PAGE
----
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Novel mechanisms of atherosclerotic plaque (in)stability governed by smooth muscle cells

Project leader

Forskarassistent

Ljubica Matic

Enhet: Kärlkirurgi
E-post: ljubica.matic@ki.se

PhD Students

Doktorand

Urszula Rykaczewska

Enhet: Kärlkirurgi
E-post: urszula.rykaczewska@ki.se

FOU-praktikant

Till Seime

Enhet: Kärlkirurgi
E-post: till.seime@ki.se

Doktorand

Eva Karlöf

Enhet: Kärlkirurgi
E-post: Eva.Karlof@ki.se

Doktorand

Bianca Suur

Enhet: Kärlkirurgi
E-post: bianca.suur@ki.se

Unstable atherosclerotic plaques in the carotid bifurcation cause cerebrovascular embolism and stroke. During atherogenesis, contractile smooth muscle cells (SMCs) in the normal media respond to accumulation of lipids and inflammation and become activated into a secretory/replicating phenotype engaging in intimal remodeling and plaque fibrous cap formation. Quiescent SMCs express a unique repertoire of markers, including smooth muscle actin, mostly associated with the acto-myosin cytoskeleton. These markers are downregulated in activated SMCs and permanently suppressed in the fibrous cap, while they reappear in vascular repair processes (intimal hyperplasia). Distinct features of SMCs in the plaque environment are determined by the surrounding inflammatory and lipid mediators as well as calcium deposits, and may ultimately induce their transdifferentiation into other cell types and restrict their capacity to maintain fibrous cap stability. Currently, there are no sensitive markers to demarcate the early changes in SMC phenotype, a problem that has been addressed by both us and others. Based on this, our research aims are to:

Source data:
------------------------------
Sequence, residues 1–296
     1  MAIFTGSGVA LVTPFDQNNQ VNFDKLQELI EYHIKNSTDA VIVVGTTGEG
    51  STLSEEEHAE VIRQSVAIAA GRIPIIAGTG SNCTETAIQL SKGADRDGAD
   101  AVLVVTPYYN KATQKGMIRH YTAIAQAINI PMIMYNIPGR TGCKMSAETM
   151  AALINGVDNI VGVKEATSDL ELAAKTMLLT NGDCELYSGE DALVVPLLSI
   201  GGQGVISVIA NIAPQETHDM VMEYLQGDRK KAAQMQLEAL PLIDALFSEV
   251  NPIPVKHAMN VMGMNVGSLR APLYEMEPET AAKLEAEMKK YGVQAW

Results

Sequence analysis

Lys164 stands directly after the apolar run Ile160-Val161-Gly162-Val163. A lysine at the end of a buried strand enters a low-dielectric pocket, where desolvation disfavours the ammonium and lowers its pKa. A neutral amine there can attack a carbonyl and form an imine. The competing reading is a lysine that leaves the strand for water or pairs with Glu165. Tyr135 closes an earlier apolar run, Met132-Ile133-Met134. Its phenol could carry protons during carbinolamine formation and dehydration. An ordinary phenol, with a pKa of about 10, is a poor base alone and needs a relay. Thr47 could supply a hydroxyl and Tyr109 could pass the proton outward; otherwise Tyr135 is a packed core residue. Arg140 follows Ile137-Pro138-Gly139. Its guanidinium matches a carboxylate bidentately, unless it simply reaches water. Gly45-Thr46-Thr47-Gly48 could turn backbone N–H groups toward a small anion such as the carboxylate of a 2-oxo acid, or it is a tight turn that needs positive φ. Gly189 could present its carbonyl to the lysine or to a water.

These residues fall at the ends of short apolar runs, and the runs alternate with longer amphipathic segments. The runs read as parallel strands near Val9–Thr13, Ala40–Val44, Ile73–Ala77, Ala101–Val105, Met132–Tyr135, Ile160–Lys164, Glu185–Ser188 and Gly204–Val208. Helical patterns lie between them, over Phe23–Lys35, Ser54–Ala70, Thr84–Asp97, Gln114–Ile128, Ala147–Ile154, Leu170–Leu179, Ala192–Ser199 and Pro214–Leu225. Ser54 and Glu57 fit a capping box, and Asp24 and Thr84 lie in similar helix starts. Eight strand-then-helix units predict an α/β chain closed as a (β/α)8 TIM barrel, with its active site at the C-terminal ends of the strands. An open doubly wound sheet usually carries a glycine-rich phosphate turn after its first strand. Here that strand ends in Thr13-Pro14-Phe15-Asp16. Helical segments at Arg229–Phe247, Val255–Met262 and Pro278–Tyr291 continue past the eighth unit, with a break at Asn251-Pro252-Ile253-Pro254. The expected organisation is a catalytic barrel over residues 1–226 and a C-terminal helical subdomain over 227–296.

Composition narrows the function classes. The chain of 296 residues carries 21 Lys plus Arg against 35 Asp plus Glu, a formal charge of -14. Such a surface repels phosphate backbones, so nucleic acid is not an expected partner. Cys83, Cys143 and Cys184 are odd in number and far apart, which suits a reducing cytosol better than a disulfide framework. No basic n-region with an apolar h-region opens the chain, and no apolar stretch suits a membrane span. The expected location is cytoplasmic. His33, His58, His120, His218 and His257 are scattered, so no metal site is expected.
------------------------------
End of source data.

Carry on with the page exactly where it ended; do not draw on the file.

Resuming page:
1. Unravel novel information on molecules and pathways regulating SMC function in atherosclerosis, using human biobank resources
  2. Investigate these molecules with an integrative approach using animal and cell culture models
  3. Translate some candidates into targets for development of plaque stabilizing therapies, diagnostic protocols or imaging modalities aimed at early detection of vulnerable plaques and patients.

To achieve this we have organized an integrative workflow based on 1) discovery by correlating clinical parameters to deep large-scale molecular profilings of plaque tissue and plasma from a biobank of patients undergoing surgery for carotid atherosclerosis (BiKE), combined with 2) functional and mechanistic studies in murine/zebrafish models of vascular injury and cell culture, followed by 3) replication in independent cardiovascular cohorts and public resources. The unique feature of this project lies in entry from human data by unbiased mining for molecular predictors of unstable atheroma. This project will enable us to understand how SMC activation is affected by, and in turn modulates the local environment leading to plaque rupture, which will open possibilities for improved therapy or diagnostic imaging to prevent complications of end-stage atherosclerosis.